You are here: HomeOp-ed/ReviewsOpinionAre You an Optimist or Pessimist About America?
Thursday, 12 January 2012 17:20

Are You an Optimist or Pessimist About America?

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In November 2011, Commentary magazine asked 41 members of the cultural elite — writers thinkers, and professors — whether or not they were optimistic or pessimistic about America’s future. While most of the comments dwelt on political and economic issues, some of the contributors pointed to our education system as a source of their pessimism.

Of course, as an “extremist” writer and “thinker” on the matter of American education, I was not asked to contribute my views. I would have expressed guarded optimism about the growth of homeschooling as an alternative to our failed public schools. Nevertheless, I found some of the comments worth passing on to our readers. Here they are:

Brooke Allen, author and professor, wrote:

Which leads me to one of the root causes of my long-term pessimism: the state of American education. We are constantly confronted with dismal statistics on test scores, our students’ performance relative to other developed nations, etc. But what is the reason for this, and what is the solution? It’s not an answer, I think, to throw more money at the problem.... The problem seems to me a deep-seated one: we simply have no consensus as a nation, no unified philosophy of what an educated person should know. Perhaps this relates to the breakdown of government; we have arrived at no consensus as a nation about what a government should do.

Professor Allen is, of course, right. There is no unified philosophy of what an educated person should know. But there was one when I was going to public school in the 1930s. We were all taught reading by phonics, arithmetic by rote memorization, cursive penmanship, and grammar. Our principal read the 23rd Psalm at our assemblies, and we were all encouraged to become patriotic citizens. We also learned basic history and geography so that we could easily understand the witty historical and geographical references in Cole Porter’s sophisticated show tunes.

The result was what Tom Brokaw has called America’s Greatest Generation, who won World War II and went on to create our high-tech and booming consumer economy. Many of them made tons of money, which they salted away in foundations that some of their liberal heirs are now using to destroy the very values this generation fought to uphold.

Today our public schools are controlled by teachers' unions determined to impose Dewey-inspired socialist-progressive education on American children. And as long as this is the case, there will be no consensus on a unified philosophy of education. But that has not stopped individual Americans from taking matters into their own hands. The result is a growing homeschool movement, an increase in online educational programs, and the use of such tools as YouTube to teach students basic math. Technology and parental action are making the public schools obsolete. But is all of this enough to reverse our educational decline? We shall have to wait and see.

Paul Cantor, professor of English, University of Virginia, commented:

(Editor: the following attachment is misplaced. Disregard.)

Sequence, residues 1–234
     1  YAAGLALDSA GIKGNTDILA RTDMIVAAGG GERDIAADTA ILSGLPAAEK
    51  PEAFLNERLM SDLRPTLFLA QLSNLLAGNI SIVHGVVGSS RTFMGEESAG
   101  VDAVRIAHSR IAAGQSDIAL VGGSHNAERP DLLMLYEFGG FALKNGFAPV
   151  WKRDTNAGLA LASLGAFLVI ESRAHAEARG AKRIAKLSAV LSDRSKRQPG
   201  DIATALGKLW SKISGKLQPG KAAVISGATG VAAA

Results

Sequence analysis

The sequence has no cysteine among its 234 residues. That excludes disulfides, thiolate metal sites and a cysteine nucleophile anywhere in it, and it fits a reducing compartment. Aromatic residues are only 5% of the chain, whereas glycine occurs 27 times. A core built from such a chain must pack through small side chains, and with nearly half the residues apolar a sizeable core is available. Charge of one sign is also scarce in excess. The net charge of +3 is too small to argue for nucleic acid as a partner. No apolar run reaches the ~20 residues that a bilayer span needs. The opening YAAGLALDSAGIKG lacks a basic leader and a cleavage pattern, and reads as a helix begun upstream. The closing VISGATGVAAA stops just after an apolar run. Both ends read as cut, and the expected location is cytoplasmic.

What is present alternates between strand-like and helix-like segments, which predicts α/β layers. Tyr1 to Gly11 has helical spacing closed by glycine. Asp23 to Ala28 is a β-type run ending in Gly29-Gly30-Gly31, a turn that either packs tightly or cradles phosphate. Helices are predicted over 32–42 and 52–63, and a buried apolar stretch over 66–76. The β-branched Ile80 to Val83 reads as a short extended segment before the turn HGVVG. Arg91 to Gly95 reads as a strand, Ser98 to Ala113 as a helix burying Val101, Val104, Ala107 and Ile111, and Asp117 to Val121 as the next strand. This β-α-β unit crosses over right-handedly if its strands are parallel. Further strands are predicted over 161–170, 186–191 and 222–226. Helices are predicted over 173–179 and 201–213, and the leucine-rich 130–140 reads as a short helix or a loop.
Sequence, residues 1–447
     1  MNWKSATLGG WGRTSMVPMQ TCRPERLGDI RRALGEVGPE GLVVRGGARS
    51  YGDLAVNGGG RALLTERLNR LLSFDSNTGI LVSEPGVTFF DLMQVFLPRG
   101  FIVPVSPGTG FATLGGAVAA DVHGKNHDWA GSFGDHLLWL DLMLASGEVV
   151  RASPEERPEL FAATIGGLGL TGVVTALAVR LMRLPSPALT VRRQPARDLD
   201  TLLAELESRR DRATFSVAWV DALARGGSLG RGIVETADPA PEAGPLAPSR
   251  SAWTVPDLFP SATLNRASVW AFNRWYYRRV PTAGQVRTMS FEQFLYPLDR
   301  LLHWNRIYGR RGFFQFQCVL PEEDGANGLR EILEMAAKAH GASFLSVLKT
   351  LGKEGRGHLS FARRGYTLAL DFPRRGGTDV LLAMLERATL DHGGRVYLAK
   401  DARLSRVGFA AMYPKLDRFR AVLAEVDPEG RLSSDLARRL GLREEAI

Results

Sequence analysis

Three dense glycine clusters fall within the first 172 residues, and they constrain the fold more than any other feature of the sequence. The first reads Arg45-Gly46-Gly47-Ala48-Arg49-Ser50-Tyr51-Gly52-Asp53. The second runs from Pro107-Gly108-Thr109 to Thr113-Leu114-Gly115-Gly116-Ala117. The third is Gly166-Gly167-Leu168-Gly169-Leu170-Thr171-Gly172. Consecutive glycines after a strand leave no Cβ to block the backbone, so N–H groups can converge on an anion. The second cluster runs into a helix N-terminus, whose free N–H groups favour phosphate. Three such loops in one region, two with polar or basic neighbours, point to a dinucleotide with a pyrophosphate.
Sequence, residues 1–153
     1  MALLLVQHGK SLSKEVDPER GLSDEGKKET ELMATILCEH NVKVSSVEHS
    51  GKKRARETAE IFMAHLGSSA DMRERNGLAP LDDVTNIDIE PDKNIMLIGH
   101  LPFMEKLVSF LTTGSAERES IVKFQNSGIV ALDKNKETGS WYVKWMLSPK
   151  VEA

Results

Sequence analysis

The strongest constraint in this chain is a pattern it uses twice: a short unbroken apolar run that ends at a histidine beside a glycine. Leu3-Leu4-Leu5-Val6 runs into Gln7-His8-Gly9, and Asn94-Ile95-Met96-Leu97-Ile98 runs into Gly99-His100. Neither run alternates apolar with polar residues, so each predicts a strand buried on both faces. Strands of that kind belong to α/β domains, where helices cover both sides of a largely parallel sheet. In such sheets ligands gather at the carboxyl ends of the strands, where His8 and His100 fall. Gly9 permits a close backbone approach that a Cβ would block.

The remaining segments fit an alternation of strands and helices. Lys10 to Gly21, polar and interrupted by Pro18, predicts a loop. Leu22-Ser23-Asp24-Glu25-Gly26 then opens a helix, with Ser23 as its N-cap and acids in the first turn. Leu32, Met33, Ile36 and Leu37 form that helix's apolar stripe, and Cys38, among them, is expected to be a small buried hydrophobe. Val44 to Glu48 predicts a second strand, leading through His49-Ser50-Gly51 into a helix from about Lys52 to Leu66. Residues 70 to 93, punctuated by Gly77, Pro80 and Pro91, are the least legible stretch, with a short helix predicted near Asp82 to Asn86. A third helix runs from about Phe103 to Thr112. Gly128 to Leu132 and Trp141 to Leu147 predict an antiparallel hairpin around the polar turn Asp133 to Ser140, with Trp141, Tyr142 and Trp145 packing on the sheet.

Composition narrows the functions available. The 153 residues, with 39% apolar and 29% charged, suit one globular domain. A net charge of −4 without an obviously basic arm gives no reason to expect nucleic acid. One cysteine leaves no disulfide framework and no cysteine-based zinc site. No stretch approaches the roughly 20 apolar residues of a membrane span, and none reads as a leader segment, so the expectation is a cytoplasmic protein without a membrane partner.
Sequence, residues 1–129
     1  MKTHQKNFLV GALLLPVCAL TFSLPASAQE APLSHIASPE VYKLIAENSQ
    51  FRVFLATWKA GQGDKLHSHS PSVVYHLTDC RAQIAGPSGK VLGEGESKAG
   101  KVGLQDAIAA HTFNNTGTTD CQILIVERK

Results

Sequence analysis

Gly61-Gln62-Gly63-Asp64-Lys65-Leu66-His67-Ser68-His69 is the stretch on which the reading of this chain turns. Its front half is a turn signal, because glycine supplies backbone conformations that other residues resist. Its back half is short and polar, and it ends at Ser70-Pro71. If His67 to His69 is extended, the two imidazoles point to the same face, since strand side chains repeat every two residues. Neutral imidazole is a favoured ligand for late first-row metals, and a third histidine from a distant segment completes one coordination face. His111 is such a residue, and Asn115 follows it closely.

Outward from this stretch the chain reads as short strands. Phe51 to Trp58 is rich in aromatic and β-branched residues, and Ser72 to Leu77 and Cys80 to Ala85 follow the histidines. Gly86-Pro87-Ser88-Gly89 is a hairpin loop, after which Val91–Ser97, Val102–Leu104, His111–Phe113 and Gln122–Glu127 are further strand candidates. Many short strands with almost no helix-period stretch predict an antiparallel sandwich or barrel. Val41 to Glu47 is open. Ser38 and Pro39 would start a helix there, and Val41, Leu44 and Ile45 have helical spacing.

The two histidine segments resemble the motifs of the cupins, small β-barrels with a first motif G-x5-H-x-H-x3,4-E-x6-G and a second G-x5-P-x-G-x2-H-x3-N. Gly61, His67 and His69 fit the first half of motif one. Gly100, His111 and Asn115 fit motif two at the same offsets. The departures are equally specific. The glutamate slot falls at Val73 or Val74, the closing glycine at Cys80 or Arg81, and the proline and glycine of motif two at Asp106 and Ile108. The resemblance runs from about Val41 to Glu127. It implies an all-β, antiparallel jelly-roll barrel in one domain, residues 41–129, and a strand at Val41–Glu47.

What has made America great is that, by and large, it has given the most talented and spirited among its youth a chance to show their stuff. If I am pessimistic, the reason is that this American tradition is being eroded by all sorts of factors, most of them emanating from Washington, D.C. But I nevertheless remain optimistic; it’s because I still see exceptional young people in my classes and I can feel them straining to do something exceptional with their lives. If only we would get out of their way.

Indeed, it is encouraging to know that the younger generation is taking advantage of all the new technological tools available to them. In 2004, Mark Zuckerberg created Facebook and is now one of the world’s richest men. These Internet billionaires have demonstrated how successful ingenious individuals can be when they master these technologies on their own or with the help of the experts.

David Gelernter, author and professor, wrote:

It goes without saying that American public schools, and most colleges and universities, are now on the long, slow ride to the gallows. Their high costs, obvious political agenda, and gross incompetence mean that eradication is their only conceivable fate. Online schooling is a far-from-perfect alternative, but it’s the one we have.... It has enormous potential for good — beyond the decent education it provides. If we are imaginative about this new kind of public institution, these little red Internet schoolhouses, much good may yet emerge from the wreckage of American public schools.

Yes, the American public school system is slowly going down the drain. Yet, most parents still send their children to them, and taxpayers have not yet rebelled against paying for them. We are still a nation of laws and we believe in doing things the correct way: through our corrupt politicians influenced by the teachers’ unions.

But the events in Wisconsin are beginning to shake things up. The attempts by the unions to remove the conservative Republican Governor will tell us more about the people of Wisconsin than anything else. It will tell us whether or not they are sane or too much addicted to government “services.” If the latter, let ‘em eat cake!

Dana Gioia, former chairman of the National Endowment of the Arts, commented: